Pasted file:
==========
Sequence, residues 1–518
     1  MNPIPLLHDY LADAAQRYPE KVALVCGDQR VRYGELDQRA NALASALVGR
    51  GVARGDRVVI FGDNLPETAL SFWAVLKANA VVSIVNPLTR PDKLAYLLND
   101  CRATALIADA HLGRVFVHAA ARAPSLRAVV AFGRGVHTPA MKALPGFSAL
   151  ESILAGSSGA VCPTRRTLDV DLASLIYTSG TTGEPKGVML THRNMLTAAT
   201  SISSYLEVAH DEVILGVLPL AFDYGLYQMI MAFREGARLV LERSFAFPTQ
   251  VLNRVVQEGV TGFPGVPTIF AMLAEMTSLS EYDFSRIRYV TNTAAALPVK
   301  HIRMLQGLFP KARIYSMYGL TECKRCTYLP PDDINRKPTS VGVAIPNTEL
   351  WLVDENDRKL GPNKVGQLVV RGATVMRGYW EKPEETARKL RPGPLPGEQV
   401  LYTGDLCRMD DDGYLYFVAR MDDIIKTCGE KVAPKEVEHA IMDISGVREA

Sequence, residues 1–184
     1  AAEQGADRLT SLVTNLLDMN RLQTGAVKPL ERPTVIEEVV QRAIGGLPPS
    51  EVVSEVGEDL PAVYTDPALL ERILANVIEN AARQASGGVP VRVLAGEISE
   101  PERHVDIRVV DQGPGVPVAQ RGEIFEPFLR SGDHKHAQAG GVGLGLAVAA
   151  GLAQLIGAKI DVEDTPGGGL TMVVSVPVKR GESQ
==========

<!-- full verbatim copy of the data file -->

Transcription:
Sequence, residues 1–518
     1  MNPIPLLHDY LADAAQRYPE KVALVCGDQR VRYGELDQRA NALASALVGR
    51  GVARGDRVVI FGDNLPETAL SFWAVLKANA VVSIVNPLTR PDKLAYLLND
   101  CRATALIADA HLGRVFVHAA ARAPSLRAVV AFGRGVHTPA MKALPGFSAL
   151  ESILAGSSGA VCPTRRTLDV DLASLIYTSG TTGEPKGVML THRNMLTAAT
   201  SISSYLEVAH DEVILGVLPL AFDYGLYQMI MAFREGARLV LERSFAFPTQ
   251  VLNRVVQEGV TGFPGVPTIF AMLAEMTSLS EYDFSRIRYV TNTAAALPVK
   301  HIRMLQGLFP KARIYSMYGL TECKRCTYLP PDDINRKPTS VGVAIPNTEL
   351  WLVDENDRKL GPNKVGQLVV RGATVMRGYW EKPEETARKL RPGPLPGEQV
   401  LYTGDLCRMD DDGYLYFVAR MDDIIKTCGE KVAPKEVEHA IMDISGVREA

Sequence, residues 1–184
     1  AAEQGADRLT SLVTNLLDMN RLQTGAVKPL ERPTVIEEVV QRAIGGLPPS
    51  EVVSEVGEDL PAVYTDPALL ERILANVIEN AARQASGGVP VRVLAGEISE
   101  PERHVDIRVV DQGPGVPVAQ RGEIFEPFLR SGDHKHAQAG GVGLGLAVAA
   151  GLAQLIGAKI DVEDTPGGGL TMVVSVPVKR GESQ